Brief Description, Overall Objective and Project Objectives with Indicators

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1 Senegal: Irrigation N'Galenka Ex-post evaluation report OECD sector 31140/Agricultural water resources BMZ project number 1) Investment measure: Project executing agency Consultant Year of ex-post evaluation ) Complementary measure: Société Nationale d'aménagement du Delta et la Vallée du Fleuve Sénégal et de la Falémé (SAED) Hydroplan Project appraisal (planned) Start of implementation 1) October 1995 Period of implementation Investment costs 2) January ) 3 years 2) 4 years 1) EUR 17.2 million 2) EUR 0.5 million Ex-post evaluation (actual) 1) May ) October ) 5 years 2) 10 years 1) EUR 16.0 million 2) EUR 1.3 million Counterpart contribution 1-2) EUR 0 million* 1-2) EUR 0 million* Finance, of which FC funds 1) EUR 17.2 million 2) EUR 0.5 million Other institutions/donors involved - - Performance rating 3 Relevance 2 Effectiveness 3 Efficiency 3 Impact 3 Sustainability 3 1) EUR 16.4 million** 2) EUR 1.3 million * Excluding non-monetary counterpart contributions by the target group in erecting the irrigation perimeters Brief Description, Overall Objective and Project Objectives with Indicators The N Galenka Irrigation Project consisted in extending the upper N'Galenka (a creek of the Senegal River) into a feed line for irrigation water and laying out approx. 40 minor village perimeters (périmètre irrigué villageois - PIVs) covering an area of 1,000 hectares. In the original plan, the N'Galenka was to be extended to provide irrigation water for approx. 2,000 hectares of additional minor perimeters set up by private investors. The smallholder user group was supported through a complementary measure in organization, land allocation and farming. The overall objective was to make a contribution to economic development in the Département Podor and to alleviating the national food shortage.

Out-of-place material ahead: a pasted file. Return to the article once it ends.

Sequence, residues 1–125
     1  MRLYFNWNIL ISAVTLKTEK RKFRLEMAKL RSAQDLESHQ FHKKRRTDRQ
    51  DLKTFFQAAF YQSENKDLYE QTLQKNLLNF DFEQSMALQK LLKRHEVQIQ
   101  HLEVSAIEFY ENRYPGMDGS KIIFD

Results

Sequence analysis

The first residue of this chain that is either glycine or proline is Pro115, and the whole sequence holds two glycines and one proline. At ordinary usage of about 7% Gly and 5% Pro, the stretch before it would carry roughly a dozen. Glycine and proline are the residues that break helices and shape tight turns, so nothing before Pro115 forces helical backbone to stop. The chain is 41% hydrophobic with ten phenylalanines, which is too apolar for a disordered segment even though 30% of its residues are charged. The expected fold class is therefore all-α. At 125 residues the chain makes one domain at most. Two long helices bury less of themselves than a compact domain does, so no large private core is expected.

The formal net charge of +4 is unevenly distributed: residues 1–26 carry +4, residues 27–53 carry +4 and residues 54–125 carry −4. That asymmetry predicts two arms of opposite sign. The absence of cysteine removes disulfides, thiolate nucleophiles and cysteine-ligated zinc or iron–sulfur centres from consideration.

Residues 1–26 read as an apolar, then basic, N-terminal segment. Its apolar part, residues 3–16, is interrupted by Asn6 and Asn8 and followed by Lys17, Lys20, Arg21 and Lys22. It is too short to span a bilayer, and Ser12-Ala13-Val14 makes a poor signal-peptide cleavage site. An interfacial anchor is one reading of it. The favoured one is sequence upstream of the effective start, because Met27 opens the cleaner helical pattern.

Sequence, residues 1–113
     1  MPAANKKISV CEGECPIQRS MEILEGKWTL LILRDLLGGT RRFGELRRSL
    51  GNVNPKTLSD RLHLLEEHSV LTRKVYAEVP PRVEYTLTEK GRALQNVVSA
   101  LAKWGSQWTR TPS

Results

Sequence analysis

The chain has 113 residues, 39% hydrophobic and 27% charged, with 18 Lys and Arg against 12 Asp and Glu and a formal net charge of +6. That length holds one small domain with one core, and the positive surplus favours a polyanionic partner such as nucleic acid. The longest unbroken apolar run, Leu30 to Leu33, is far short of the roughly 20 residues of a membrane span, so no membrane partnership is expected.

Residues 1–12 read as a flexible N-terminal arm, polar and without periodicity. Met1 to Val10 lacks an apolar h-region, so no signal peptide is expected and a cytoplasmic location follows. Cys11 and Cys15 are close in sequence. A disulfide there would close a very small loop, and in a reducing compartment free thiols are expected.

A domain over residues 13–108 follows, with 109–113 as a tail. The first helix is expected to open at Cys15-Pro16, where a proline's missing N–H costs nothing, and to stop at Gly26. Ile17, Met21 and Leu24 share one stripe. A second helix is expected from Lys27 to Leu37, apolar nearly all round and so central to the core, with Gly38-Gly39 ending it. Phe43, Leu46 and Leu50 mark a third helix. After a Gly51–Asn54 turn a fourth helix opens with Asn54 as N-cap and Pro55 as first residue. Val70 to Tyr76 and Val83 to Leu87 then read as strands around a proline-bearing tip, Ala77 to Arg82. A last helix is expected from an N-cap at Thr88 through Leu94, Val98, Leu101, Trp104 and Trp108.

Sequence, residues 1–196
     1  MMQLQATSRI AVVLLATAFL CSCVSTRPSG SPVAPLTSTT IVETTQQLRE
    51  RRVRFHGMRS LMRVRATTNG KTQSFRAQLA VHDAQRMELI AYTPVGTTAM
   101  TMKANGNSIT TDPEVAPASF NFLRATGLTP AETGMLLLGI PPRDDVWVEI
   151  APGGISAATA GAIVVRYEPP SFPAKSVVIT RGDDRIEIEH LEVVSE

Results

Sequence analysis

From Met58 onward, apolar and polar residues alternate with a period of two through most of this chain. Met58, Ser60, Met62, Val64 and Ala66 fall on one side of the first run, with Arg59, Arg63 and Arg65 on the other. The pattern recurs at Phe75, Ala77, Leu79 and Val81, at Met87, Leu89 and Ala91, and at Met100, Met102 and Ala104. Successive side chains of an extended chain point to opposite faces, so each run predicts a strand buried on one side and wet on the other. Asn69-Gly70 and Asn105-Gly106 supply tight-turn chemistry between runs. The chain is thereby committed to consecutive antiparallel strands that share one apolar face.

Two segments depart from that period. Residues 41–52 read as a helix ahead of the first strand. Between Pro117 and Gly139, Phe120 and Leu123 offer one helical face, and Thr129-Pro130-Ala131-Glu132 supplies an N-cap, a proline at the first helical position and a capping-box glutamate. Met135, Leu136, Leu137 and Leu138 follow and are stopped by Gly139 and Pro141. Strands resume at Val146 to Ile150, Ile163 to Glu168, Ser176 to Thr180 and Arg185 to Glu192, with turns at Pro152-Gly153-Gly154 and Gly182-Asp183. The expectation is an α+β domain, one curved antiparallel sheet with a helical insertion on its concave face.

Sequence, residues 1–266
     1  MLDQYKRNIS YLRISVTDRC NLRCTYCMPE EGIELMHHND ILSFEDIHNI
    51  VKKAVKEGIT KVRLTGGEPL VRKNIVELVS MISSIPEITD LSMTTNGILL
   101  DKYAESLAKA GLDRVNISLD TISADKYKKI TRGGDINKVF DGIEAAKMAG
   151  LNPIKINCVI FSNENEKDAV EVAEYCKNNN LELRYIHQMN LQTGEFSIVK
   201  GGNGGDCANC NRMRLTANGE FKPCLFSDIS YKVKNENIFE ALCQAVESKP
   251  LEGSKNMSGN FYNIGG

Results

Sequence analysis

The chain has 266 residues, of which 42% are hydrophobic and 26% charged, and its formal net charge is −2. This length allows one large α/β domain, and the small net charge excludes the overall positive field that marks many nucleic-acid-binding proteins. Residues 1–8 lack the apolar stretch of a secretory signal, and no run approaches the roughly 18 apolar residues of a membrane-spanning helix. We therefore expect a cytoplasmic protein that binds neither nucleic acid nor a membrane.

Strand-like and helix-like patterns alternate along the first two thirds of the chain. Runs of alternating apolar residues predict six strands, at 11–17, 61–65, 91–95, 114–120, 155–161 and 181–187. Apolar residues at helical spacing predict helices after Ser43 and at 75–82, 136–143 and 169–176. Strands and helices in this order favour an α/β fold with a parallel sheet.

2 No indicator for overall objective achievement was defined at project appraisal. The project objectives were the improvement of income opportunities and food security for approx. 26,000 people in the Département Podor. The indicators for project objectives achievement were: Area, cropping intensity and yield of the irrigation land developed as PIVs (size 1998: 600 hectares; 1999: 1,000 aggregate hectares; cropping intensity: at least 1.53; yield: for rice > 4.5 t/hectare, for tomatoes and onions > 25 t/hectare) Development of private irrigation land (1999: 700 hectares; 2000: 1,500 hectares; 2001: 2,000 hectares (aggregate) Though not explicitly included in the set of objectives, the project aimed at achieving large beneficial poverty impacts. This is also evident from the calculated return of about 2% judged as acceptable in the project appraisal report, although this fell short of the minimum (3%) for economic infrastructure projects in least developed countries, such as Senegal. Project Design/Major Deviations from Original Planning and Main Causes Project implementation largely adhered to plan. The consultant confirmed the technical practicability and the economic rationale of the project in a feasibility study. The programme design was developed by the executing agency, the Société Nationale d'aménagement du Delta et la Vallée du Fleuve Sénégal et de La Falémé (SAED) with the consultant. The villagers were already involved in the planning phase through the formation of user associations. The irrigation land was demarcated on the basis of soil investigations by the consultant with the cooperation of the villagers. The irrigation land was allocated by the village communities and the development measures conducted by SAED. The counterpart contributions by the users comprised clearance of the irrigation land, detailed planning and digging furrows in the fruit and vegetable-growing plots. Similar to an open-ended programme, a good overall compromise was struck in planning and implementation between technical aspects and target-group participation. Owing to initial general problems (adverse price trend for agricultural products, particularly rice, and tardy land law reform), the implementation was split into three phases (Pilot phase, Phases I and II), with the start of the respective sequel phase made contingent on conditionalities, the timely provision of counterpart contributions and cropping intensity (which amounted at that time to 1.3 according the executing agency), for example. The main change in technical implementation was the abandonment of the intended extension of the N'Galenka to provide sufficient irrigation capacity for the additional 2,000 hectares of PIVs to be set up by private investors, when it emerged that a sustainable development was unlikely due to the general conditions. The hydraulic cross-section of the upper reaches of the N'Galenka was therefore smaller than originally planned, which made for cost savings of approx. EUR 3 million. Additional technical adjustments included considerable additional costs for erosion control measures and the use of electric instead of diesel-fuelled pumps as originally planned. The project term was considerably prolonged as a result of phasing and related additional costs for the consultant; the complementary measure (EUR 0.89 million) was financed by reprogramming the investment capital. The quality of the technical execution of the N'Galenka irrigation system can be rated as good. Maintenance of the intake structure and the course of the N'Galenka river serving as a main channel is performed satisfactorily by SAED. The quality of the relatively basic irrigation systems (submerged pumps at metal footbridges that deliver the water into the head structures of the respective secondary channels through pressure lines) is sufficient to good. The planting of windbreak hedges was not successful; the farmers only tend those around some fruit plantations. In the project altogether, 48 village perimeters were laid out measuring an area of 1,112 hectares and distributed amongst 2,633 users by the village communities. Added to this is the development of 37 hectares of irrigation land for fruit and vegetable growing cultivated by women's groups